The Huntington Library opened with a staff that already had some familiarity with the contents of the collection. Huntington had moved his entire staff from their cataloging location in New York to the Los Angeles area to continue working for the library. Well-known scholars filled early positions in the library. The first Head Librarian position was filled by George Watson Cole, the first Director of Research was Max Farrand, and the first Resident Scholar position was given to Frederick Jackson Turner.
George Watson Cole “was born in Warren, Connecticut on September 6, 1850, the only son of a moderately well-to-do Yankee businessman and inventor” (Dickenson, 1990, p. 3). After attending boarding schools for a brief period, he began teaching at a rural school in Connecticut. While teaching he discovered an interest in law, and by his twenty-sixth birthday he was accepted to the Connecticut bar (Dickenson, 1990, p. 3). Discontent with his law practice he began spending time at the library in Torrington, Connecticut, where he would eventually sit on the board of directors. While working with the library, Cole helped to produce an extensive catalog of the library’s contents.
Through his work with the Torrington library, Cole became acquainted with Melvil Dewey. Dewey helped to convince Cole to give up law altogether and begin working in libraries. He recommended Cole for a few temporary cataloging positions. The first job was in Massachusetts, where he created a 700-page author, title, and subject listing of the library’s inventory, and then in New York, where is did cataloging work for the Pratt Institute. While working in New York he joined the first class of students at Dewey’s school of Library Economy at Columbia College (Dickenson, 1990, pp. 3-4). With his certificate from Dewey’s school, Cole landed a position as Director of the Jersey City, New Jersey, public library, where he also began working as the treasurer for the American Library Association. (Dickenson, 1990, p. 4).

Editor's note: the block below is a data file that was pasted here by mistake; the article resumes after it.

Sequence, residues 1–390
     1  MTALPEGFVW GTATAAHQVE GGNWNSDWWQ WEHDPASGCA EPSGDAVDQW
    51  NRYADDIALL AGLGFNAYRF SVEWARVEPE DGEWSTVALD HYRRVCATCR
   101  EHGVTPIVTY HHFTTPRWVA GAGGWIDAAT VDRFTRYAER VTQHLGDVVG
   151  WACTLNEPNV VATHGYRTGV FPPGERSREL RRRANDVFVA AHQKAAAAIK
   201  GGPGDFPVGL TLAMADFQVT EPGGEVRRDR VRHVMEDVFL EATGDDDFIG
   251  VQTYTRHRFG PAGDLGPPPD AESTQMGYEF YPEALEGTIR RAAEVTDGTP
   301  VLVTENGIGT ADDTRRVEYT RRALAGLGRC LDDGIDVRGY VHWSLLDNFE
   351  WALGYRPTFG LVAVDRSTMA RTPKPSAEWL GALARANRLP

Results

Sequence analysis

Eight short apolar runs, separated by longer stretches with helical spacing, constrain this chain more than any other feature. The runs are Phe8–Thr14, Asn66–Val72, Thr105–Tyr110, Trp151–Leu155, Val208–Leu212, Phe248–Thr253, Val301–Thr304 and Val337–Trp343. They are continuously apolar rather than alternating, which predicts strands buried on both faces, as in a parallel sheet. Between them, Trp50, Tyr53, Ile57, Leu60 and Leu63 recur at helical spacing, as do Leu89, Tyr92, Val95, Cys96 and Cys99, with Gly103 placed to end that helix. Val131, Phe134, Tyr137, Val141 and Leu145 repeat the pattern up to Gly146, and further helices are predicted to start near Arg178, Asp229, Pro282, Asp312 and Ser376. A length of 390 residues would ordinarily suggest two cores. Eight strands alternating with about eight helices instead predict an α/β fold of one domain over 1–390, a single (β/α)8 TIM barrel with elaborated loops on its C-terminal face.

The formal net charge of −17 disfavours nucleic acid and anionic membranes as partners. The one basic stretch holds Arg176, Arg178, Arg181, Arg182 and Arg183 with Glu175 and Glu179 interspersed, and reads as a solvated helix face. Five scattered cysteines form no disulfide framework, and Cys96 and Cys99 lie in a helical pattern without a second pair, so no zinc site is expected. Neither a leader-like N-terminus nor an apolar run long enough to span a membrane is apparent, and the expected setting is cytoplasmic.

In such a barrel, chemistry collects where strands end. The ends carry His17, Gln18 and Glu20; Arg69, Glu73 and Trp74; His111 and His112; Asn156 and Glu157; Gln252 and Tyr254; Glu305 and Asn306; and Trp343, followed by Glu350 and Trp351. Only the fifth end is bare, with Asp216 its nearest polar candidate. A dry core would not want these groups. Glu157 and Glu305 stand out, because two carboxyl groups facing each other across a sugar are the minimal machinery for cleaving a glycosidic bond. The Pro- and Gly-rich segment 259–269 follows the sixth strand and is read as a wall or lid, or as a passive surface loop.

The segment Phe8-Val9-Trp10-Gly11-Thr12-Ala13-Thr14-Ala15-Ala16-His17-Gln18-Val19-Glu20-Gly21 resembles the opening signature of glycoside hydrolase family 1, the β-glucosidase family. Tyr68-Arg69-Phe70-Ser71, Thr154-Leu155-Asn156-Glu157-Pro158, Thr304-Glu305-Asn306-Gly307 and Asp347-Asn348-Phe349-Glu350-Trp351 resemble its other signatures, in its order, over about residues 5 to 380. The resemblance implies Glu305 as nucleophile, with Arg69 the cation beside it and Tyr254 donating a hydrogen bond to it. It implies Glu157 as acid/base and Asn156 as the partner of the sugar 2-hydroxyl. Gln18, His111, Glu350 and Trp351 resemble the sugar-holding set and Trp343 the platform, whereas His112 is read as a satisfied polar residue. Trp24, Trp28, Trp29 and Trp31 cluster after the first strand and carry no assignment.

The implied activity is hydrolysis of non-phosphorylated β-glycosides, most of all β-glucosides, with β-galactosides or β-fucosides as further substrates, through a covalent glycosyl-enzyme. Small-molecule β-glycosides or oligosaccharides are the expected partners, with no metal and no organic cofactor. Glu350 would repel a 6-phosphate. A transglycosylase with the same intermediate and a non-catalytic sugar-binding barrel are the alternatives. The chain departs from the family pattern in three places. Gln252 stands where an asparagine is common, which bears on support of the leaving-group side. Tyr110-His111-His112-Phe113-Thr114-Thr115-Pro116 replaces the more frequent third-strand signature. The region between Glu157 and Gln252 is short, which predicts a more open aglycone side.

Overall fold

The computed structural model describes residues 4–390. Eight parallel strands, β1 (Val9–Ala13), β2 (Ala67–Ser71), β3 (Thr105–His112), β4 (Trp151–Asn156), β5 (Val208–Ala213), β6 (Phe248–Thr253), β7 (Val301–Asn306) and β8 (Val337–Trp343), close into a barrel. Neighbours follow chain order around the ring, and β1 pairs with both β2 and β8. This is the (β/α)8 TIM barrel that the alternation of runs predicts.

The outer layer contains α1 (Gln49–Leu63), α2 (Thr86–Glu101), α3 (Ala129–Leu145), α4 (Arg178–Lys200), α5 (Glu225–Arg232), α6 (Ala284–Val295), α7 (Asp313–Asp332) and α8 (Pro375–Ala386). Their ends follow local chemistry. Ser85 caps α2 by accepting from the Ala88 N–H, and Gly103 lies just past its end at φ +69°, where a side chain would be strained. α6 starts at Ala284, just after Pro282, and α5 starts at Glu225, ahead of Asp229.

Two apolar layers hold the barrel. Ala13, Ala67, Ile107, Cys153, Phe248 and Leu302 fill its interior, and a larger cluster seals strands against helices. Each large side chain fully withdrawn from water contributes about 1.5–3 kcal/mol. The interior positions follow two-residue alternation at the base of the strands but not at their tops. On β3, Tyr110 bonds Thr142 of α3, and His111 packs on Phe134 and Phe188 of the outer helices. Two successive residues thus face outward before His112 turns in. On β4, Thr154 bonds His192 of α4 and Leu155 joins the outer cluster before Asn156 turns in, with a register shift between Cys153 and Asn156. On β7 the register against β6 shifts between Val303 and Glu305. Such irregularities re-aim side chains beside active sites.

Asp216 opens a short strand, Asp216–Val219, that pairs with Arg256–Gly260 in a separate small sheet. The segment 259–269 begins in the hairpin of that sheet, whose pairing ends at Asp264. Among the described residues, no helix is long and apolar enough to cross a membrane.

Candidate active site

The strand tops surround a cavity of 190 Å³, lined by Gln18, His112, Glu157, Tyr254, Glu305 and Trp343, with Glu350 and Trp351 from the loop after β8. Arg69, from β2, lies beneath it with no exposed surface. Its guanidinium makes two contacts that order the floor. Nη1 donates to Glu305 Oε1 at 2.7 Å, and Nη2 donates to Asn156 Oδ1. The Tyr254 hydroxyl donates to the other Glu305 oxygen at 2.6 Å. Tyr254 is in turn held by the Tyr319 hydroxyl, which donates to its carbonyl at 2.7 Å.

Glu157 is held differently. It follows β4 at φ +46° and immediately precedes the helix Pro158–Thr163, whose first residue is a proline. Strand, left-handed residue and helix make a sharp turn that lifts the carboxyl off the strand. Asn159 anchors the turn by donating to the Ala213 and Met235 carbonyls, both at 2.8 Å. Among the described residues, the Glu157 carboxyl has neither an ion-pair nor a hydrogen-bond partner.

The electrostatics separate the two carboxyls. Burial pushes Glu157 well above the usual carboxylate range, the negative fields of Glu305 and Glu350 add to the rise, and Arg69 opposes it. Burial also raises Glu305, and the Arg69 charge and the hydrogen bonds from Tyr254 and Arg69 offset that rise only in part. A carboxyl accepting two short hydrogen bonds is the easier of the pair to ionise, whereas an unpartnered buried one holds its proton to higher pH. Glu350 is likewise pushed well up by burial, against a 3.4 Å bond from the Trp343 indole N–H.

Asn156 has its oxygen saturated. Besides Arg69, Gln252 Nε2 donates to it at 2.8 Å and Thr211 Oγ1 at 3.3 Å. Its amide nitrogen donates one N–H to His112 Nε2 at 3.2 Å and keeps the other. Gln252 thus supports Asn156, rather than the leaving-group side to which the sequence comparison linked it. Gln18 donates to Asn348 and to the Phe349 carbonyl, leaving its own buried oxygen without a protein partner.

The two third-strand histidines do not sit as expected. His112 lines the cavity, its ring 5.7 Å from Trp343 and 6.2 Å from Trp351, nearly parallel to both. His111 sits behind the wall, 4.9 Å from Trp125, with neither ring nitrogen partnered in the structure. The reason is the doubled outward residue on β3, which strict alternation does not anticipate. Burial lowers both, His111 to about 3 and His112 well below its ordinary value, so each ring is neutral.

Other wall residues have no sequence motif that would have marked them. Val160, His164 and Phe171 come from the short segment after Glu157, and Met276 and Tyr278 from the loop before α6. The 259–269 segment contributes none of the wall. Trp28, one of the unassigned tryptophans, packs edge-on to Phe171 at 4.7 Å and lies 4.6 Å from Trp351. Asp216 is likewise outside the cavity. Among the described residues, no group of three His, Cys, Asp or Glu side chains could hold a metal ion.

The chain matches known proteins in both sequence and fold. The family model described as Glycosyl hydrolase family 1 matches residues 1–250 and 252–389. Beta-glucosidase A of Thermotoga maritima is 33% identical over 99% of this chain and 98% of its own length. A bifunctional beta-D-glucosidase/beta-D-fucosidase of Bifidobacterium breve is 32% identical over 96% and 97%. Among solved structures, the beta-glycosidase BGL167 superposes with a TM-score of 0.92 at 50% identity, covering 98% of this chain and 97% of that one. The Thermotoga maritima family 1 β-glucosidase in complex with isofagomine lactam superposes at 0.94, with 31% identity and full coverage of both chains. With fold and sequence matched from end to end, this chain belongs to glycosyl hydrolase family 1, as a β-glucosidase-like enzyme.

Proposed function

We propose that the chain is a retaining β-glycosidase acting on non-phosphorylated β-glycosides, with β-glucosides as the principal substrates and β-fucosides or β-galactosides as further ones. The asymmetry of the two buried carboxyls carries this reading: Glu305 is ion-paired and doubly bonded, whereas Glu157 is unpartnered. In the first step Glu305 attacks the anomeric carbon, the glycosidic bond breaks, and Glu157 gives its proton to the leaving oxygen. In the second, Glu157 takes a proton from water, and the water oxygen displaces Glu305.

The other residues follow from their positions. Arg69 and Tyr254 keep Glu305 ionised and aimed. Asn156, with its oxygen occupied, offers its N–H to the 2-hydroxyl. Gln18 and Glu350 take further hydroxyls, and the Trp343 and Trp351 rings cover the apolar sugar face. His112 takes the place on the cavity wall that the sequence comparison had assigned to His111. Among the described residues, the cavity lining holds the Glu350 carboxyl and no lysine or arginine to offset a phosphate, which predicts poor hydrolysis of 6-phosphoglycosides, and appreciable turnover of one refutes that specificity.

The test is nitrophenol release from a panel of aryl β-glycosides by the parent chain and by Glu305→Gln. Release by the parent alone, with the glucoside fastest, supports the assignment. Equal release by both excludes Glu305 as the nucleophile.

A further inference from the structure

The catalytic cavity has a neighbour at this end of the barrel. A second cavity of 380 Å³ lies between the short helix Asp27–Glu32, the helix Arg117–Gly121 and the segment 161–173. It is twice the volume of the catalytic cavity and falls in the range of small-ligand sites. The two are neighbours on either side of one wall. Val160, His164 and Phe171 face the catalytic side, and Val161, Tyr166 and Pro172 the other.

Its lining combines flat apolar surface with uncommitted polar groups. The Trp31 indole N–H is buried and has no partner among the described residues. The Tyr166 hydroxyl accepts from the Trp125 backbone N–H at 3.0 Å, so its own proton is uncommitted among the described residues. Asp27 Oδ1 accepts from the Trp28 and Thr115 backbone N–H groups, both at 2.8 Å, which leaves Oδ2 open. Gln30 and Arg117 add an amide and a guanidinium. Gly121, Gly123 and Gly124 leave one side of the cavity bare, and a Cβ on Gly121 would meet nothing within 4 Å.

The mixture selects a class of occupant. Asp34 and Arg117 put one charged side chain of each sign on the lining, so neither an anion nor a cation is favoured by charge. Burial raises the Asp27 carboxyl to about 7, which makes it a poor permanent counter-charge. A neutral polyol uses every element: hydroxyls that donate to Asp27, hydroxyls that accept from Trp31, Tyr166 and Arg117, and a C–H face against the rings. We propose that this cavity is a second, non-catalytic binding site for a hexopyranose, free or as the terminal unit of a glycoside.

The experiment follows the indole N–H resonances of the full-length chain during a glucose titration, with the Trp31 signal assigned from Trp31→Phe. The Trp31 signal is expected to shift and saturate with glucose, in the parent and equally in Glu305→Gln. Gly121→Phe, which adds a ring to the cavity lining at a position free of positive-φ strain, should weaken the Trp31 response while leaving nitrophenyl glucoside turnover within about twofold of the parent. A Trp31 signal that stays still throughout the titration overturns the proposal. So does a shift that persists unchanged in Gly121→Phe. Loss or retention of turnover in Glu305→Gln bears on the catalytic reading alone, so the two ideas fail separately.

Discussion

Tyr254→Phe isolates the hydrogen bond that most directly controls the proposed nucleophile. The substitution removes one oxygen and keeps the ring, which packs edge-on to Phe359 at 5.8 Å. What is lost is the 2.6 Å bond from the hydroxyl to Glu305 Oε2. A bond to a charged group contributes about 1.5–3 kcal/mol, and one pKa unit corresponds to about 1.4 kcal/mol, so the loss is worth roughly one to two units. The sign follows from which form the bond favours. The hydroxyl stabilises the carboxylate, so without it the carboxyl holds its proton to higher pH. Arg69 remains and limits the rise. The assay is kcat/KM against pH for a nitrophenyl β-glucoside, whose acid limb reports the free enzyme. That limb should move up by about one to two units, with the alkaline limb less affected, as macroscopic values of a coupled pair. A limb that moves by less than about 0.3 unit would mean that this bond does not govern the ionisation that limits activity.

While conducting research in New York, George Watson Cole became familiar with one of the librarians, Wilberfore Eames. Recognizing Cole’s bibliographic talent, Eames recommended him for the position of cataloger for the Elihu D. Church rare book collection. Cole was given the position and spent the next seven and one half years cataloging the collection of Americana and English literature (Dickenson, 1990, p. 7). This catalog would be the catalyst for his final cataloging job. When Henry E. Huntington purchased the Elihu D. Church collection he knew that Cole was an excellent choice for the librarian and cataloger role in his own library. In 1915 Huntington offered the job to Cole (Dickenson, 1990, p. 7). In his acceptance letter, Cole requested “$6000 a year, the assistance of one competent stenographer and typewriter, and two or three young women assistants” (Dickenson, 1990, p. 8). Cole served as Library Director for nine years before stepping down in 1924. He finished his work with The Huntington by writing a 200-page report on the development of the Huntington Library during his tenure.